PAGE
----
For starters the recipe made a lot of paste – it seemed like far too much for one loaf of bread and I ended up throwing a lot out. And it was very thick. The recipe describes it as being the consistency of wallpaper paste. I’m not a wallpaper paste expert (I leave that to Long Suffering Husband…) but this seemed much thicker than that – more dough than paste. So I added more water to try and thin it a bit.

Tiger Bread - with paste

I shaped the loaf, gave it a good coating of the paste and left to prove before baking.

Tiger Bread

The final result was not what I expected. It’s more of a scorched earth effect than tiger bread, with a very dark crust and jagged fissures across the surface. That’s not to say its unattractive – it is quite striking with its dramatic gashes. But it’s not the crackle pattern of tiger bread. More a dark brooding older cousin version.

Taste wise it was just like a normal white bread. I can’t say I got any interesting taste from the crust either which made me wonder if I’d been too stingy with the topping. I suspect that the consistency of the paste was the issue. Clearly I need to pay closer attention to wallpapering in future…

Baguette Torment


I love baguettes. I love their crunch, their colour, their texture. Pretty much everything really. I think that they are the ideal bread for a light lunch on a Saturday with a tasty slab of pâté or cheese.

But baking the things is proving to be more problematic. They are proving to be my baking nemesis. They seem really straightforward – a white bread dough just shaped differently. How hard can that be…?

“Very” in my case. My first goes didn’t rise at all – probably because I followed some advice that you could add dried yeast straight to flour in the same way you can easy blend. This may work in a hot bakery but not in my kitchen where the yeast granules just remained resolutely undissolved, studded throughout the dough like seeds. As a result the bread itself didn’t rise at all. Poor Long Suffering Husband still had a go at eating it though…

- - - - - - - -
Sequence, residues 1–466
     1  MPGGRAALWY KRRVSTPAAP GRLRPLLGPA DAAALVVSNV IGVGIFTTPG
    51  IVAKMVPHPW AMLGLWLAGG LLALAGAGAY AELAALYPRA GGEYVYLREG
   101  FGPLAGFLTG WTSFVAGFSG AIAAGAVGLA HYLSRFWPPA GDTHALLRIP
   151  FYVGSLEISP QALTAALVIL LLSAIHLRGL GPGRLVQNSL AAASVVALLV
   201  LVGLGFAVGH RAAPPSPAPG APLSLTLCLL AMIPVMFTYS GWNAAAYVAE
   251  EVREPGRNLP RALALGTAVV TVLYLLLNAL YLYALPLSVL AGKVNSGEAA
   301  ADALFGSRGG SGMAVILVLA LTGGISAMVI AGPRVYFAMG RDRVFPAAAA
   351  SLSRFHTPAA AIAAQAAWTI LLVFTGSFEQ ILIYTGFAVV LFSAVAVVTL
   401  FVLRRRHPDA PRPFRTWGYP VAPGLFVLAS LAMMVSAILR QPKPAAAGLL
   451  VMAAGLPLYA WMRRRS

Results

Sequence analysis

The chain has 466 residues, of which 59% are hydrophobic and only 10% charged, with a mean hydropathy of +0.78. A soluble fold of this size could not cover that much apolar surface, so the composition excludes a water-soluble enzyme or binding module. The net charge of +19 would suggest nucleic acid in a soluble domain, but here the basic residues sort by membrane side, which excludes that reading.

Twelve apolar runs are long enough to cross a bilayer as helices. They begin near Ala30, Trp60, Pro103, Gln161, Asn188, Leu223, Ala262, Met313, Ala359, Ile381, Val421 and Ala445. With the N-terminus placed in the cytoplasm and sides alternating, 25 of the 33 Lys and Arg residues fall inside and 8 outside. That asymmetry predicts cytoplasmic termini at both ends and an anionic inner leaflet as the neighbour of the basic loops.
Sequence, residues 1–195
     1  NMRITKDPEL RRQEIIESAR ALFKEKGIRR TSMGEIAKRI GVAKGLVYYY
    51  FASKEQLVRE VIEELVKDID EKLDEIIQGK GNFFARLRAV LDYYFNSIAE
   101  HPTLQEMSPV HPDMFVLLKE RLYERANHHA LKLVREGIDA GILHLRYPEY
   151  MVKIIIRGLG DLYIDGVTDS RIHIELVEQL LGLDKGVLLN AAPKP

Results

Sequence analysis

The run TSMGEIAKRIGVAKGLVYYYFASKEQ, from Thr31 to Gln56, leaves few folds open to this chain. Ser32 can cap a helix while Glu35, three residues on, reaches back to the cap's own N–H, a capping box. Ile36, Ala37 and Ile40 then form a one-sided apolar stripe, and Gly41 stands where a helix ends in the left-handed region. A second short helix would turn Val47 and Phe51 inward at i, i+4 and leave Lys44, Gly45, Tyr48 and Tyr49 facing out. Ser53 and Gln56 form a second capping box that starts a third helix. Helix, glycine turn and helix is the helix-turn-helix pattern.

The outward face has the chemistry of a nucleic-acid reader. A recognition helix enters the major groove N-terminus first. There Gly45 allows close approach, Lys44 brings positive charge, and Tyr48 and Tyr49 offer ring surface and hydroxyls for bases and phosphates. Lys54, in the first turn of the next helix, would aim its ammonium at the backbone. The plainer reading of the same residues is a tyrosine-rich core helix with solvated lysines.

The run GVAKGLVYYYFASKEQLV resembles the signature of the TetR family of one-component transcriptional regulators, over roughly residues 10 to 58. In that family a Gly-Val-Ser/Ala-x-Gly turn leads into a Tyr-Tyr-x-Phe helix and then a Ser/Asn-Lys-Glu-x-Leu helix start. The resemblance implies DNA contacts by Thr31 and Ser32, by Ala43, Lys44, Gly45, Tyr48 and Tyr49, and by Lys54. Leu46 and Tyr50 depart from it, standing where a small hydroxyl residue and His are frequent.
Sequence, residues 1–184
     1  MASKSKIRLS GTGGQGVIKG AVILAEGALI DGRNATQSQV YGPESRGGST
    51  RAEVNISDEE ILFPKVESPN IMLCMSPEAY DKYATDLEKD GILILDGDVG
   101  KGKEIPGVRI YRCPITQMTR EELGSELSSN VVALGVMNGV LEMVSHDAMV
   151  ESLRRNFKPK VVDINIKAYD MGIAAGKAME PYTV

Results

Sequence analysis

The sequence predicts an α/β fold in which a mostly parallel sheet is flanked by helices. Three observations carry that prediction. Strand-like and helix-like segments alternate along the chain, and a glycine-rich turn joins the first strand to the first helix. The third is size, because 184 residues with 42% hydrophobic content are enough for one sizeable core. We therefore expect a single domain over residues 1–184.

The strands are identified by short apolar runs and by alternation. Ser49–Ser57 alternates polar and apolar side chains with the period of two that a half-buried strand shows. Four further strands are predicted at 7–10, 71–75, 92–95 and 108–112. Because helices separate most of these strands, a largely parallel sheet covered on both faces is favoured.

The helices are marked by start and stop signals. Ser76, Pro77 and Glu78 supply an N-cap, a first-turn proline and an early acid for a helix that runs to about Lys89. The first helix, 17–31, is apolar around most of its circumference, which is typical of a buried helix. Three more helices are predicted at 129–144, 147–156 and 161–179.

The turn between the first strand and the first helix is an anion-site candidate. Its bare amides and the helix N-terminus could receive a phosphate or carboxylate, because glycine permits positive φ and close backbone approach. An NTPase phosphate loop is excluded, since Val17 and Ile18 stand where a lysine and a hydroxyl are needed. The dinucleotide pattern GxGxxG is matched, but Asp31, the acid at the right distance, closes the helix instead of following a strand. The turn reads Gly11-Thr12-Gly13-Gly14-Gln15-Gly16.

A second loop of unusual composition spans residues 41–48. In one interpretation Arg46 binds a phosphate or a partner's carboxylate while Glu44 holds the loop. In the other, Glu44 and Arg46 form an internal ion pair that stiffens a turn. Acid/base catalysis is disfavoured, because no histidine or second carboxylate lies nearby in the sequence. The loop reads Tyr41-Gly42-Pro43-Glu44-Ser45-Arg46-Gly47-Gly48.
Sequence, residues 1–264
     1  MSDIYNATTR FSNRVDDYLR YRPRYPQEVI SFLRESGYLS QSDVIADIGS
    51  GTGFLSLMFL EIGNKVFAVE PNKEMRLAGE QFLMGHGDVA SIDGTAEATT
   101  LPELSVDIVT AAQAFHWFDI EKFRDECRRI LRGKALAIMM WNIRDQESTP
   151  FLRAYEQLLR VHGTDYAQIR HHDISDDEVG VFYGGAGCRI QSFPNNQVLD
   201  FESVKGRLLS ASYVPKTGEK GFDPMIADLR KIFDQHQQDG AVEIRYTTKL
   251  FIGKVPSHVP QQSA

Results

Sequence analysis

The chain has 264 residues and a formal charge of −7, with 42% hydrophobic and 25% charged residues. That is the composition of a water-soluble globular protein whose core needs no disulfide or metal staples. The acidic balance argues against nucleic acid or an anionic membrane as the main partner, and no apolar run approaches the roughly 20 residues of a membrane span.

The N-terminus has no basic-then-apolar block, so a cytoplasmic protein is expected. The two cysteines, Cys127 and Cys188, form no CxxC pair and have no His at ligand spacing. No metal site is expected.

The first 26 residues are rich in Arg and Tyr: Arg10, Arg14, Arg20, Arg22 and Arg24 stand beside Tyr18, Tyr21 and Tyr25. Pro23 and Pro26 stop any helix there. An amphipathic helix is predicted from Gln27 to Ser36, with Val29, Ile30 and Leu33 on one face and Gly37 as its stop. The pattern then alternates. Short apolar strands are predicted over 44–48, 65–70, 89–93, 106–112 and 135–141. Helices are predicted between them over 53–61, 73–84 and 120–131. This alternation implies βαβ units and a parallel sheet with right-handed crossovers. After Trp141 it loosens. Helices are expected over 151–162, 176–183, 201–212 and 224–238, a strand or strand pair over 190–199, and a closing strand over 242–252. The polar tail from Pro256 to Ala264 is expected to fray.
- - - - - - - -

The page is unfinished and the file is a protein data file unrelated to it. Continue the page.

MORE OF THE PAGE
So I switched back to easy blend. Now it rose but I had a different issue. I was proving and baking on a silicon baguette tray but whilst I got a good shape only the top of the bread would colour as if the tray were blocking the heat somehow.

I tried taking them out of the tray and putting them onto a metal one part way through. Whilst this gave me colour and crispness, the bread had stuck through the holes and it tore as I tried to remove them.

This is my latest effort. (I’m currently using Richard Bertinet’s recipe in Dough.)

Still not great but the potential is there.


You can tell from this shot there’s quite a bit of oven spring but the bread is tearing at the side and expanding that way rather than through the slashes. I think that this is partly a result of it adhering itself quite so firmly to the tray.


The insides look good but I need to sort the shaping. As you can see its incurred quite a bit of damage as a result of my attempts to get it out of the tray. I think a linen proofing cloth is called for for my next attempt.